• When you go headless, you lose all these out-of-the-box capabilities and are forced to either limit the tools available to your site and content managers or you have to get into the plumbing business of having to build and maintain all these tools (thereby making you less agile).
  • An important con in today’s age of hyper-personalization is that you will be limited in using your CMS / DXP product’s user audiencing and content targeting capabilities. Some of these products provide very sophisticated tooling to make it easier for you to run complex, hyper-personalized campaigns. However, if the CMS / DXP does not own the full context (the URL and the full user request (browser session, cookies, etc)) in the headless CMS approach, then you are either limited in your ability to leverage hyper-personalization or risk running into significant performance issues.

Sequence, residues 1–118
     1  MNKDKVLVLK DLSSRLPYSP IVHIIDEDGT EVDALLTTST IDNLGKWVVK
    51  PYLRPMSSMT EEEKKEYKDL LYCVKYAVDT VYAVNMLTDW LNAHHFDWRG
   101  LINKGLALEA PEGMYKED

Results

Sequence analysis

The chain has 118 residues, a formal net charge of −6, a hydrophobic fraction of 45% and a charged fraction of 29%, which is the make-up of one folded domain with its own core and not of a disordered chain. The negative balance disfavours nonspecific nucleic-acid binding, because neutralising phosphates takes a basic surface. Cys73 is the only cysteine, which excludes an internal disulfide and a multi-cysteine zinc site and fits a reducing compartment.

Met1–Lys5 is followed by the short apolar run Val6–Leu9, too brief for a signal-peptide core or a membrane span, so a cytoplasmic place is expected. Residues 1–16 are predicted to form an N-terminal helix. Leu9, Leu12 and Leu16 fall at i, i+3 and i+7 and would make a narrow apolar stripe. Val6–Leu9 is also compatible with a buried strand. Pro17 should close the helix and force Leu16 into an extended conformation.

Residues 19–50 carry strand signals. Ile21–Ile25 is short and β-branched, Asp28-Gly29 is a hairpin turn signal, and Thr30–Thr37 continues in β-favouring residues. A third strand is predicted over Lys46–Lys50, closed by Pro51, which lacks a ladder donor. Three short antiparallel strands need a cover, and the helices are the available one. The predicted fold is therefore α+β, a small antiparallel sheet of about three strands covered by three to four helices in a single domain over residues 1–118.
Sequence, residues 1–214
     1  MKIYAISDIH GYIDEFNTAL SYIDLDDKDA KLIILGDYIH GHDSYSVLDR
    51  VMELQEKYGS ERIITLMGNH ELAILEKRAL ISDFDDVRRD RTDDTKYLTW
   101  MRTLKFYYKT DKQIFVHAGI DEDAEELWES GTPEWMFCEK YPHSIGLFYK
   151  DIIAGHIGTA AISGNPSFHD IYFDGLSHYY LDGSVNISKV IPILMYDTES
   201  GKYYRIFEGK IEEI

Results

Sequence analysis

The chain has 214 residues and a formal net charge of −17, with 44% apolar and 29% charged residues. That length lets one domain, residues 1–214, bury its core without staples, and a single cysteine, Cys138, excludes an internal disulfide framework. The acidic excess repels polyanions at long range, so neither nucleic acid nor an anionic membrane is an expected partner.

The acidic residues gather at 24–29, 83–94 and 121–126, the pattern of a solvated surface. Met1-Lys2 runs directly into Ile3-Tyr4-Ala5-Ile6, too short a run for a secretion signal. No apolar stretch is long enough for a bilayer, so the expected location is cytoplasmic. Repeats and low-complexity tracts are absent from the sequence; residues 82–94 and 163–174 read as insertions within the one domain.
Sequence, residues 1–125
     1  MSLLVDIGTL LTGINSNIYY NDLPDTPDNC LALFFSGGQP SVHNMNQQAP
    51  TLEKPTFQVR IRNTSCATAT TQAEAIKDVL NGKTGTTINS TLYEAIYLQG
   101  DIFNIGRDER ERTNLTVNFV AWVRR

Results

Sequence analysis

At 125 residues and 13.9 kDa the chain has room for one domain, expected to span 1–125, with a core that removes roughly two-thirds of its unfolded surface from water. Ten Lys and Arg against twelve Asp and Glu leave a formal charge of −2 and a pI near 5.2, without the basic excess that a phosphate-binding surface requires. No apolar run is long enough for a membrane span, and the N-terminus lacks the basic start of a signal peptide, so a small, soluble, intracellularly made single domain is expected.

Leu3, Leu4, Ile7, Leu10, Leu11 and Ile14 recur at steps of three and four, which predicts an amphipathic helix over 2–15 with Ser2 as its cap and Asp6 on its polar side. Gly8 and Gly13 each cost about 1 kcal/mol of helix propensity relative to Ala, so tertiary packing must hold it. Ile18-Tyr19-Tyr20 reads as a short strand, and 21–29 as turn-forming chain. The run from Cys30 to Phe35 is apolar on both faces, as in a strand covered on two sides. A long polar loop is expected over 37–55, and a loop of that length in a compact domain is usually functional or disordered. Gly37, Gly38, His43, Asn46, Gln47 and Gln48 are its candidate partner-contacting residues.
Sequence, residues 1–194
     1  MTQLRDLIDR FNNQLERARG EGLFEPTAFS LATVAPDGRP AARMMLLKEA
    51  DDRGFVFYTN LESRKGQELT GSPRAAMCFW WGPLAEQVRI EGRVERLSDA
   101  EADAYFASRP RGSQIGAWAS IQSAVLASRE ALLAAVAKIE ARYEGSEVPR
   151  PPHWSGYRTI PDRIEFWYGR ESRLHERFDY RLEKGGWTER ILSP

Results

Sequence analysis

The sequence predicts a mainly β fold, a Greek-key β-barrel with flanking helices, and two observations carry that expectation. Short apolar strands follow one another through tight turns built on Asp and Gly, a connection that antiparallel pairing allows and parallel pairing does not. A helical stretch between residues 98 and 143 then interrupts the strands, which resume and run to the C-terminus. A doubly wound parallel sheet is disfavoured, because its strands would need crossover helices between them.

Summary

All in all, these are some pretty significant caveats with the headless CMS approach and you should not adopt this lightly. Often Enterprise Architects get carried away with implementing pure architectural patterns and don’t necessarily consider all the financial and agility costs of a given approach that is near and dear to their hearts. Typical CMS and DXP customers are better served leveraging their chosen platform to the fullest extent possible (within limits of how tied you want to be to this platform) and the headless CMS option is not the way to go for them – however if you truly need the UX/UI flexibility that headless CMS offers and you have the team to support this approach, then you should consider it but make sure that everybody knows the costs involved.